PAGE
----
Why did you choose this executive MBA program?I was lucky enough to be directed to MIT by my boss, Alan Cooke. He is a Sloan grad and knew that I wanted to get my MBA. He suggested I consider an executive MBA program at MIT (I don’t think he was too keen on losing me for two years). I looked at a few schools but it was really the info session that sealed the deal for me. At MIT’s info session, we had a short meet-and-greet with former students and then an hour long teaching session with Professor Roberto Fernandez. It was such an interesting and informative lecture that I knew MIT was the school for me.
What did you enjoy most about the executive MBA program? The people have been by far the best part of the entire program. I realize this is a cliché answer but it honestly is the only answer for the MIT program. But the reason I enjoy the people the most is not simply because we have a group of extraordinary individuals (both staff and students). It is because all of these incredible people care about their fellow classmates and want to see them succeed in an incredibly selfless manner. I’ve never been at another institution (school, job, clubs, sports, etc.) where there is no competition among peers. Nobody in the program has a goal of being at “the top of the class.” Everyone’s primary goal is to further their education but I think as we have spent more time here a secondary goal has become evident. That goal is to ensure the success of our fellow classmates.
What is your most memorable moment from business school? MIT has a phenomenal tradition of fire-side chats. At lunch on Saturday’s, two individuals give a presentation on who they are and where they come from. The presentations are surprisingly honest and unsurprisingly fascinating. After listening to my colleagues for about a year, I was considering giving one while simultaneously convinced I was the least interesting person in the class (this can easily be supported by the fact that I am the youngest in the class with the least amount of life experience). However, one night while a few classmates and I were out for cocktails, I let a couple people convince me to sign-up. As I’ve mentioned previously, I am not overly fond of public speaking but my fire-side chat was easily the most memorable experience. I was extremely nervous before my speech but was welcomed by loud applause and cheering from all of my friends in the class. The 20-minute chat I gave allowed me to be open and honest about who I am. I even confided in my classmates and told stories that I only trust to my closest friends. It felt like a quiet chat in a living room with your best friend, only this time it was a slide show in front of 114 of my best friends. The support I received afterwards was truly unforgettable.
Fun fact about yourself: I considered becoming a horse trainer. When I was 25, I convinced my employer to let me work half time remotely from 4-8PM. Then, from 7AM to 4PM I trained with upper level riders, first with an Olympic rider in Pennsylvania then for a few months in South Carolina (during the winter) and finally with a different advanced level rider in Kentucky. The funny thing is, when riding was my day job I actually looked forward to going home at the end of the day and using my brain. That’s how I knew I wanted to stick with finance and keep riding as a hobby, this way, the barn is always something I look forward to and it never feels like a job.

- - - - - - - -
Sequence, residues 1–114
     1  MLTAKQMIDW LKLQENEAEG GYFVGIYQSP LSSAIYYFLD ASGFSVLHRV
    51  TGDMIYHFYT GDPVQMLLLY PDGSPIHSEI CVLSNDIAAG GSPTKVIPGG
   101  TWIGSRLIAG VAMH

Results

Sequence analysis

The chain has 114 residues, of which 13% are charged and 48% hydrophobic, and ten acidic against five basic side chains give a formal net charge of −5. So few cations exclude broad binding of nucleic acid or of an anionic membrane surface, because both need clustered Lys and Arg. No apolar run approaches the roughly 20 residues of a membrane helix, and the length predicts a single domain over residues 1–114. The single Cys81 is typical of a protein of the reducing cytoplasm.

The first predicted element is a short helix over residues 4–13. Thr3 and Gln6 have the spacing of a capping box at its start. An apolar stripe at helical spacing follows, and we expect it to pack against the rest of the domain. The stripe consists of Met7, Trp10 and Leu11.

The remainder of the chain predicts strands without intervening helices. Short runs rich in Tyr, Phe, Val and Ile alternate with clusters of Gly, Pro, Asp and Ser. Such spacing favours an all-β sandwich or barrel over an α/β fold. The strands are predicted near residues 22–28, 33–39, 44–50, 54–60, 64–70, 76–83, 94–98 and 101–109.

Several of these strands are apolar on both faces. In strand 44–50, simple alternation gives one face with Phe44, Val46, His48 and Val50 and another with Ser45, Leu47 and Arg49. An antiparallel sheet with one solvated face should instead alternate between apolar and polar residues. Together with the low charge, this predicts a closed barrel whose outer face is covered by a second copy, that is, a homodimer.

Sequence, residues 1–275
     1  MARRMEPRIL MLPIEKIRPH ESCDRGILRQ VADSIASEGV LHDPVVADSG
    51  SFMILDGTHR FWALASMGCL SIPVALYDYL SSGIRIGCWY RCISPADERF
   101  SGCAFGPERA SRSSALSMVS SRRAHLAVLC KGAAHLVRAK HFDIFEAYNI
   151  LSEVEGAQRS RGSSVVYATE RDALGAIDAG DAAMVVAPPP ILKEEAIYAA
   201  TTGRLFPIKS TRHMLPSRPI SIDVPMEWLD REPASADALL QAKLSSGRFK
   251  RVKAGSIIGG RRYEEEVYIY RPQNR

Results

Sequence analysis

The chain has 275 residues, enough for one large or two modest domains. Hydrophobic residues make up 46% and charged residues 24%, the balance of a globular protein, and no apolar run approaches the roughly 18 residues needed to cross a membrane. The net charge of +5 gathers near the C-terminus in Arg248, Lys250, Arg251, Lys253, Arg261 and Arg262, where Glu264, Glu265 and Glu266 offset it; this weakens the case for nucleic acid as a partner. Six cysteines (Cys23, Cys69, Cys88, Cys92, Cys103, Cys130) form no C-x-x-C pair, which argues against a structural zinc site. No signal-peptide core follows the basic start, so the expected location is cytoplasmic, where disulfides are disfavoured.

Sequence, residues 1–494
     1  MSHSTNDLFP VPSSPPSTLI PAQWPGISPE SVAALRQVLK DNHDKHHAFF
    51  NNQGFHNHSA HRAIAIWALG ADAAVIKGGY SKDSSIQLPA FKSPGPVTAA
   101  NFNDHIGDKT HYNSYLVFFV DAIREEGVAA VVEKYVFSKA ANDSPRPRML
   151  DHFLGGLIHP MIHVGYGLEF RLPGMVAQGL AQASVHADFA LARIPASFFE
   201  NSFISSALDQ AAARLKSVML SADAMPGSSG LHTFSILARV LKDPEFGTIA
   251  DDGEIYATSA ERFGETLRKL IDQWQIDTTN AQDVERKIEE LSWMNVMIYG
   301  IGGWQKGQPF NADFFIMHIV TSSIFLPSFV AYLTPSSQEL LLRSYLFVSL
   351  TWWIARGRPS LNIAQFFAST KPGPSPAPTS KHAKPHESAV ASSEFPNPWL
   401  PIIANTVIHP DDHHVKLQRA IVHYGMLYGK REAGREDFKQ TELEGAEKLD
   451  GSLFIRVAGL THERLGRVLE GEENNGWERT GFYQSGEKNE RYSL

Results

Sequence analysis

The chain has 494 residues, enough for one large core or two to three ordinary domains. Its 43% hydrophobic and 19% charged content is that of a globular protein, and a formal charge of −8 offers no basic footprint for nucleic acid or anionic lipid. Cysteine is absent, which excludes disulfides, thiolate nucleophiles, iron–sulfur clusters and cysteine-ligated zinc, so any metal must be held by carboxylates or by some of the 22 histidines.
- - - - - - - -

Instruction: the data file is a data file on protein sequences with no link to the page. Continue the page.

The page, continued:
Favorite book: Animal Dreams by Barbara Kingsolver
Favorite movie: Shawshank Redemption (but my guilty pleasure movie is How to Lose a Guy in 10 Days)
Favorite musical performer: Taylor Swift (I hate to admit it but can’t deny Taylor)
Favorite television show: Game of Thrones
Favorite vacation spot: Iceland
What are your hobbies? Horseback Riding
Twitter Handle: @Sager_meister (but it is rarely used –my friends created a twitter handle for my horse Paddy that is much more interesting. I think the twitter handle there is Ashley’s horse.)
What made Ashley such an invaluable addition to the class of 2015 for your executive MBA program?
“Ashley was one of the few candidates with ten years of work experience accepted to the MIT Executive MBA because of her steep career trajectory and rapid success [in] finance. She has very strong analytical skills, which she balances brilliantly with her people skills. Her thirst for knowledge, work with startups, and experience across numerous industries, products types and companies made her a natural fit for the MIT EMBA. While in the program she has excelled, not only in the classroom where she has a 5.0 GPA (MIT is on a 5 point scale system, where 5 = A), but also with her classmates as evidenced by her peers requesting her to be on their teams. In the fall of 2014 when the other students were struggling with the required Financial Management course, Ashley stepped up to the plate to help them. She took the initiative and spent countless hours of her own time preparing tip sheets and providing review sessions virtually and on campus after hours for the entire class; and this despite a phobia of public speaking! She repeatedly placed the class’s needs above her own making herself available before and after her review sessions, and accepting individual phone calls and texts from fellow students. In engaging in this extraordinary selfless conduct and beyond reasonable expectations, Ashley Sager represents the very finest traditions of MIT and the Sloan School of Management of giving back and helping others.”
Johanna Hising DiFabio, MIT Executive MBA Program Director and Nelson Repenning, MIT Executive MBA Faculty Director
Comments or questions about this article? Email us.